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# Faculty of Science

Physics Department
101 Physics for Engineers

Particle
Kinematics
and
Kinematics
Describes motion while ignoring the
agents that caused the motion
For now, will consider motion in one
dimension
Along a straight line
Will use the particle model
A particle is a point-like object, has mass
but infinitesimal size
Figure 2.1 A car moves
back and forth along a
straight line.

Positio
n
Displacement Distance is nonzero.

## Defined as the change in

position during some time
Displacement is
interval zero
Represented as x
x = xf - xi
SI units are meters (m) x
can be positive or negative
Different than distance
the length of a path
followed by a particle
Average Velocity

x
vaveragett
x x
fi
The average velocity is rate at which
the displacement occurs

## The dimensions are length / time [L/T]

The SI units are m/s
Is also the slope of the line in the
position time graph
Average Speed
Speed is a scalar quantity
same units as velocity
total distance / total time
The average speed is not
(necessarily) the magnitude of the
average velocity
Instantaneous Velocity
The limit of the average velocity as
the time interval becomes
infinitesimally short, or as the time
interval approaches zero
The instantaneous velocity
indicates what is happening at
every point of time
Instantaneous Velocity,
equations
The general equation for
instantaneous velocity is
x dx
v x lim
t 0 t dt
The instantaneous velocity can be
positive, negative, or zero
Instantaneous Velocity,
graph
The instantaneous
velocity is the slope
of the line tangent
to the x vs. t curve
This would be the
green line
The blue lines show
that as t gets
smaller, they
approach the green
line
Instantaneous Speed
The instantaneous speed is the
magnitude of the instantaneous
velocity
Remember that the average speed
is not the magnitude of the
average velocity
Average
Acceleration is the rate of change of the
Acceleration

velocity

## Dimensions are L/T2

SI units are m/s
Instantaneous
Acceleration
The instantaneous
acceleration is the
limit of the
average
acceleration as t
approaches 0
v x dv x d x
2
a x lim 2
t 0 t dt dt
Instantaneous Acceleration --
graph
The slope of the
velocity vs. time
graph is the
acceleration
The green line
represents the
instantaneous
acceleration
The blue line is the
average
acceleration
Acceleration and
When an objects velocity and acceleration are in
Velocity

## the same direction, the object is speeding up

When an objects velocity and acceleration are in
the opposite direction, the object is slowing down
Freely Falling Objects
A freely falling object is any
object moving freely under the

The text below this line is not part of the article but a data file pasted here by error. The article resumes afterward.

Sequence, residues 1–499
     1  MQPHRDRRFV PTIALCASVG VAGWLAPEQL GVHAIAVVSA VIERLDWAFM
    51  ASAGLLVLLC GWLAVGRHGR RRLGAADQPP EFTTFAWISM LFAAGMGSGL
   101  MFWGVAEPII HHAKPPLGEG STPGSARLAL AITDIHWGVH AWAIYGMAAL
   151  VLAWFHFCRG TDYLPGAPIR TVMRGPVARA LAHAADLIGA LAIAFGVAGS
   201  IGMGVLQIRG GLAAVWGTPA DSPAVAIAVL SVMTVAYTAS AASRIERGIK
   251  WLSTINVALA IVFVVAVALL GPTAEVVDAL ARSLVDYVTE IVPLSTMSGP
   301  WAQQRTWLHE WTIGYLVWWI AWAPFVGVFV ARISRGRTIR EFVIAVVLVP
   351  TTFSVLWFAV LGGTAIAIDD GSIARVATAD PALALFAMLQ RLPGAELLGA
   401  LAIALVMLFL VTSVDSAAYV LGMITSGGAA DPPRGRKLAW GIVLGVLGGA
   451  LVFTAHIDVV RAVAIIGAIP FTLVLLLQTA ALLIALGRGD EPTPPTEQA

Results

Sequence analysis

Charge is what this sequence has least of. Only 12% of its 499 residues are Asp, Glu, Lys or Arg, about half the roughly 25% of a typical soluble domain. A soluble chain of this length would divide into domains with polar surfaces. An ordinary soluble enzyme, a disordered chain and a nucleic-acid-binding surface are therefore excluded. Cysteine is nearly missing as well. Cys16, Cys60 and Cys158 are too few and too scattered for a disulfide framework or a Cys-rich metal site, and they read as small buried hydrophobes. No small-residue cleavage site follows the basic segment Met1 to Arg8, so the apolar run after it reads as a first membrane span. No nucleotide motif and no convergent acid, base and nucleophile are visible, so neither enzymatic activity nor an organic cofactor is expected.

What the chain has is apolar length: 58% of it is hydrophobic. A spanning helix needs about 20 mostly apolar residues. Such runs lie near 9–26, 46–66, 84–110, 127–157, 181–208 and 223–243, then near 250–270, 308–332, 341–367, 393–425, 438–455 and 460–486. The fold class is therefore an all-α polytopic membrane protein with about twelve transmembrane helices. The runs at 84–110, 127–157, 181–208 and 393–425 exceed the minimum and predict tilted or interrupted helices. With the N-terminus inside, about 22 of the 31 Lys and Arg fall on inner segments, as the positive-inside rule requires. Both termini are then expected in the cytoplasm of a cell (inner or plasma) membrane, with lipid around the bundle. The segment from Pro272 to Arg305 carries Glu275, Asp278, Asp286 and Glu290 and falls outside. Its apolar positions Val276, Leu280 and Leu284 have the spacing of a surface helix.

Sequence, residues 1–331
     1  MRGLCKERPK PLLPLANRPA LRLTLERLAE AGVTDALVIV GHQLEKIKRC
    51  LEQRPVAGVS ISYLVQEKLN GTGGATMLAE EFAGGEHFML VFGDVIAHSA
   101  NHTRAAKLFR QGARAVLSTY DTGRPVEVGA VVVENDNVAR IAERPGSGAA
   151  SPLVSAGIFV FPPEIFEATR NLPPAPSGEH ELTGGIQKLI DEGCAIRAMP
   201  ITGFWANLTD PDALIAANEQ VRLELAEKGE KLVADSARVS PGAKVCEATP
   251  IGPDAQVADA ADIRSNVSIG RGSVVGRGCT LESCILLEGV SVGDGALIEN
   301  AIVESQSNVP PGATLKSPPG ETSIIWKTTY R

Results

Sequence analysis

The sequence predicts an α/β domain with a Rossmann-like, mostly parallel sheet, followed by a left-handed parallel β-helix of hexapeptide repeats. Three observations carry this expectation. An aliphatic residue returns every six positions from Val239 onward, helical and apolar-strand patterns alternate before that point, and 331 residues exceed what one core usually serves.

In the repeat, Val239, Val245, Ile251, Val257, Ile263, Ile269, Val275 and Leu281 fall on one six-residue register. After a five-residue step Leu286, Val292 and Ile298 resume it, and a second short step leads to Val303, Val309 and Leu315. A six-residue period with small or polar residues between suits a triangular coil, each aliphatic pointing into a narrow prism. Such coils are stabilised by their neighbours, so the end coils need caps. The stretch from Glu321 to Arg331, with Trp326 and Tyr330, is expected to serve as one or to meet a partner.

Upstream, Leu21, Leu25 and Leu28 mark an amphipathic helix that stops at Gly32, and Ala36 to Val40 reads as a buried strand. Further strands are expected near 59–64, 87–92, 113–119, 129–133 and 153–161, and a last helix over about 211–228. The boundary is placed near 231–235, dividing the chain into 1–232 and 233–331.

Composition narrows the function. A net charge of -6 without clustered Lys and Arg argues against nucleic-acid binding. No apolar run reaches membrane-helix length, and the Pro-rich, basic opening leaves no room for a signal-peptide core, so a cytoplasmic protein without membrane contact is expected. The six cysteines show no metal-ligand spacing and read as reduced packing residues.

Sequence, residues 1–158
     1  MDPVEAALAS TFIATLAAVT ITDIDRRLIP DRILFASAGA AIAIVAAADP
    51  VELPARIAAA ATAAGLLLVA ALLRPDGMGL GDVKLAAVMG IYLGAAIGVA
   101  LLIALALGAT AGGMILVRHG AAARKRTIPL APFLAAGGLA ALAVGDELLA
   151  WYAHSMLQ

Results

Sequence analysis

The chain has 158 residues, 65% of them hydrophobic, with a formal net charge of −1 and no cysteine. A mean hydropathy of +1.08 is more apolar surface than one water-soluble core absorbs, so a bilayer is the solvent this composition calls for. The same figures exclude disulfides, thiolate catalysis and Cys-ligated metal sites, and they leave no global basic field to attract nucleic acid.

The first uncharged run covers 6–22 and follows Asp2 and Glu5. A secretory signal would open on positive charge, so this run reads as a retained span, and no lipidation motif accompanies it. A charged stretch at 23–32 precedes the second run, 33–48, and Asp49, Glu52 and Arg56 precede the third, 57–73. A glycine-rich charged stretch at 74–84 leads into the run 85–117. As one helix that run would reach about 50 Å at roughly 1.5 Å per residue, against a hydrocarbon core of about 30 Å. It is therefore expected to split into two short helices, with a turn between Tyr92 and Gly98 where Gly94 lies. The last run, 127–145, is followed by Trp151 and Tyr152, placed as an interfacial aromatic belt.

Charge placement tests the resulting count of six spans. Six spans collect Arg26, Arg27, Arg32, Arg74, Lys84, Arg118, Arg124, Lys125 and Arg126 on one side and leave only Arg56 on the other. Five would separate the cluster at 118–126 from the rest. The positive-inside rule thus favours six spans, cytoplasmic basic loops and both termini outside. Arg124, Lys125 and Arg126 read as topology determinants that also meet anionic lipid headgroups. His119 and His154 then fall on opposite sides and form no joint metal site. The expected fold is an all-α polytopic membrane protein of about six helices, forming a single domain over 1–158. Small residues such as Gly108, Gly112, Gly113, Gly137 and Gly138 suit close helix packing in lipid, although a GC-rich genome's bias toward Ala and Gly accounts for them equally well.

influence of gravity alone.
It does not depend upon the initial
motion of the object
Dropped released from rest
Thrown downward
Thrown upward
Acceleration of Freely
Falling Object
The acceleration of an object in free fall
is directed downward, regardless of the
initial motion
The magnitude of free fall acceleration
is g = 9.80 m/s2
g decreases with increasing altitude
g varies with latitude
9.80 m/s2 is the average at the Earths
surface
Acceleration of Free Fall,
cont.
We will neglect air resistance
Free fall motion is constantly
accelerated motion in one
dimension
Let upward be positive
Use the kinematic equations with
ay = g = -9.80 m/s2
Free Fall Example
Initial velocity at A is upward (+)
and acceleration is g (-9.8 m/s2)
At B, the velocity is 0 and the
acceleration is g (-9.8 m/s2)
At C, the velocity has the same
magnitude as at A, but is in the
opposite direction
The displacement is 50.0 m (it
ends up 50.0 m below its
starting point)
Motion Equations from
Calculus
Displacement
equals the area
under the velocity
time curvet
vxn tn vx (t )dt
f
lim
tn 0 ti
n

## The limit of the

sum is a definite
integral
Kinematic Equations
General Calculus Form
dv x
ax
dt
t
v xf v xi a x dt
0

dx
vx
dt
t
x f xi v x dt
0
Kinematic Equations
Calculus Form with
The integration form of v v gives
Constant Acceleration f i

v xf v xi a x t

## The integration form of xf xi gives

1
x f xi v xi t a x t 2

2
Linear Momentum
The linear momentum of a particle
or an object that can be modeled as a
particle of mass m moving with a
velocity v is defined to be the product
of the mass and velocity:
p=mv

The terms momentum and linear momentum
will be used interchangeably in the text
Linear Momentum, cont
Linear momentum is a vector quantity
Its direction is the same as the direction of v
The dimensions of momentum are ML/T
The SI units of momentum are kg m / s
Momentum can be expressed in
component form:
px = m vx py = m vy pz = m vz
Newton and Momentum
Newton called the product mv the
quantity of motion of the particle
Newtons Second Law can be used
to relate the momentum of a particle
to the resultant force acting on it
dv d mv dp
F ma m
dt dt dt
with constant mass
Newtons Second Law
The time rate of change of the linear
momentum of a particle is equal to the
net force acting on the particle
This is the form in which Newton presented
the Second Law
It is a more general form than the one we
used previously
This form also allows for mass changes
Applications to systems of particles are
particularly powerful